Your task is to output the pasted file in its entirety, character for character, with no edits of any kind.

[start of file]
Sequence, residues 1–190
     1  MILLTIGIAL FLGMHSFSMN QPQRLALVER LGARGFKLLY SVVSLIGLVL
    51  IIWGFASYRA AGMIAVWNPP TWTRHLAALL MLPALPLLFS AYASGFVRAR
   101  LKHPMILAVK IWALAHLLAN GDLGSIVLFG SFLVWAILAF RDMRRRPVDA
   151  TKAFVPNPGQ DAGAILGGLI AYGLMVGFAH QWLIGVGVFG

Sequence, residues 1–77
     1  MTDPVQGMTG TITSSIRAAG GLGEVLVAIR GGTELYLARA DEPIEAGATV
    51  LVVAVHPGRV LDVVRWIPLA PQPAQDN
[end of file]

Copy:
Sequence, residues 1–190
     1  MILLTIGIAL FLGMHSFSMN QPQRLALVER LGARGFKLLY SVVSLIGLVL
    51  IIWGFASYRA AGMIAVWNPP TWTRHLAALL MLPALPLLFS AYASGFVRAR
   101  LKHPMILAVK IWALAHLLAN GDLGSIVLFG SFLVWAILAF RDMRRRPVDA
   151  TKAFVPNPGQ DAGAILGGLI AYGLMVGFAH QWLIGVGVFG

Sequence, residues 1–77
     1  MTDPVQGMTG TITSSIRAAG GLGEVLVAIR GGTELYLARA DEPIEAGATV
    51  LVVAVHPGRV LDVVRWIPLA PQPAQDN